4. Sniffing Tools * tcpdump: Tcpdump is a powerful tool that allows us to sniff network packets and make some statistical analysis out of those dumps. One major drawback to tcpdump is the size of the flat file containing the text output. But tcpdump allows us to precisely see all the traffic and enables us to create statistical monitoring scripts.[3] * sniffit: Robust packet sniffer with good filtering. [3] * Ethereal: A free network protocol analyzer for UNIX and Windows. It allows you to examine data from a live network or from a capture file on disk.[3] * Hunt: The main goal of the HUNT project is to develop tools for exploiting well-known weaknesses in the TCP/IP protocol suite. [3] * Dsniff: Dsniff is a collection of tools for network auditing and penetration testing. dsniff, filesnarf, mailsnarf, msgsnarf, urlsnarf, and webspy passively monitor a network for interesting data (passwords, e-mail, files, etc.). arpspoof, dnsspoof, and macof facilitate the interception of network traffic normally unavailable to an attacker (e.g, due to layer-2 switching). sshmitm and webmitm implement active monkey-in-the-middle attacks against redirected SSH and HTTPS sessions by exploiting weak bindings in ad-hoc PKI. * IP spoofing : When the sniffing program is on a segment between two communicating end points, the intruder can impersonate one end in order to hijack the connection. This is often combined with a denial of service (DoS) attack against the forged address so they don't interfere anymore. [1]

5.1 Sniffing methods [4]
There are three types of sniffing methods. Some methods work in non-switched networks while others work in switched networks. The sniffing methods are: IP-based sniffing, MAC-based sniffing, and ARP-based sniffing.
5.1.1 IP-based sniffing
This is the original way of packet sniffing. It works by putting the network card into promiscuous mode and sniffing all packets matching the IP address filter. Normally, the IP address filter isn’t set so it can capture all the packets. This method only works in non-switched networks.
5.1.2 MAC-based sniffing
This method works by putting the network card into promiscuous mode and sniffing all packets matching the MAC address filter.
5.1.3 ARP-based sniffing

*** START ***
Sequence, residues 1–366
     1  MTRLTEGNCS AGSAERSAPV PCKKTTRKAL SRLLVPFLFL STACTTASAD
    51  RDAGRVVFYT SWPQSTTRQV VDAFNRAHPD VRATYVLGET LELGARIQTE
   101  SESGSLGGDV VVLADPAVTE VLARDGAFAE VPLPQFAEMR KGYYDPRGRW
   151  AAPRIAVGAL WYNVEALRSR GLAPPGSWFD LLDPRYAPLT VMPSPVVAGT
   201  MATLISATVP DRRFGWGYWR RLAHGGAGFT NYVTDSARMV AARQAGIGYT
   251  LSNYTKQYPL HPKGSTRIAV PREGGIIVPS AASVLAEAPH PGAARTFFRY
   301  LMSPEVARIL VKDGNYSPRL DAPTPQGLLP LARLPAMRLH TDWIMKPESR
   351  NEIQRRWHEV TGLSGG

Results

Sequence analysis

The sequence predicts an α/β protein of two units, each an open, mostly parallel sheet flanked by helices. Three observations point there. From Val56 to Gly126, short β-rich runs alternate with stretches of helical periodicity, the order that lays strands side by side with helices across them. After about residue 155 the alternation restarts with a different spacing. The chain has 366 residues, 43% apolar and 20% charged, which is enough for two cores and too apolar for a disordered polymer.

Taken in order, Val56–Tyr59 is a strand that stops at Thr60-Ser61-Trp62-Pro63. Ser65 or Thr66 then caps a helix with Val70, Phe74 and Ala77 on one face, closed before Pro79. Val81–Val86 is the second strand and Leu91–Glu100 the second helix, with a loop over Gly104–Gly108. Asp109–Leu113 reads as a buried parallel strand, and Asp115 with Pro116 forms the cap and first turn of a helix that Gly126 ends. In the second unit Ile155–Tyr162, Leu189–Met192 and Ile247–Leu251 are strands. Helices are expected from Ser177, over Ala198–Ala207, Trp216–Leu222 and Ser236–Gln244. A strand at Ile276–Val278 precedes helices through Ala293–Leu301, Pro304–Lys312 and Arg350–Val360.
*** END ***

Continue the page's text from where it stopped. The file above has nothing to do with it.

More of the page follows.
This method works a little different. It doesn’t put the network card into promiscuous mode. This isn’t necessary because ARP packets will be sent to us. This happens because the ARP protocol is stateless. Because of this, sniffing can be done on a switched network. To perform this kind of sniffing, you first have to poison the ARP cache1 of the two hosts that you want to sniff, identifying yourself as the other host in the connection. Once the ARP caches are poisoned, the two hosts start their connection, but instead of sending the traffic directly to the other host it gets sent to us. We then log the traffic and forward it to the real intended host on the other side of the connection. This is called a man-in-the-middle attack. See Diagram 1 for a general idea of the way it works.

Diagram 1: ARP sniffing method

6 ANTI-SNIFF ASSUMPTIONS
We have made various assumptions when we developed our remote sniffer detector. These assumptions limit the types of sniffers that we can detect. However, we feel that our assumptions are valid and reasonable .One assumption we have made is that the sniffer is an actual sniffer program running on a host .That is, we disallow the possibility that the sniffer is a dedicated device that a hacker physically attaches to the network. This is a rather reasonable assumption since a lot of break-ins are done remotely by hackers with no physical access to the network whatsoever. Usually, a UNIX machine is broken in to , and the hacker logs on to the compromised machine and installs a sniffer with root access. Another assumption we have made is that the network segment that we are interested in, the network segment which we wish to detect whether a sniffer is running or not, is an Ethernet segment. Again, this is a reasonable assumption since a large percentage of the network segments on the Internet are Ethernet .This leads us to mention that we also assume that TCP/IP is the protocol that the network is using. Although some of our techniques can be modified to support other networking protocols, the implementation is based on TCP/IP since it is, by far, the most popular network protocol today.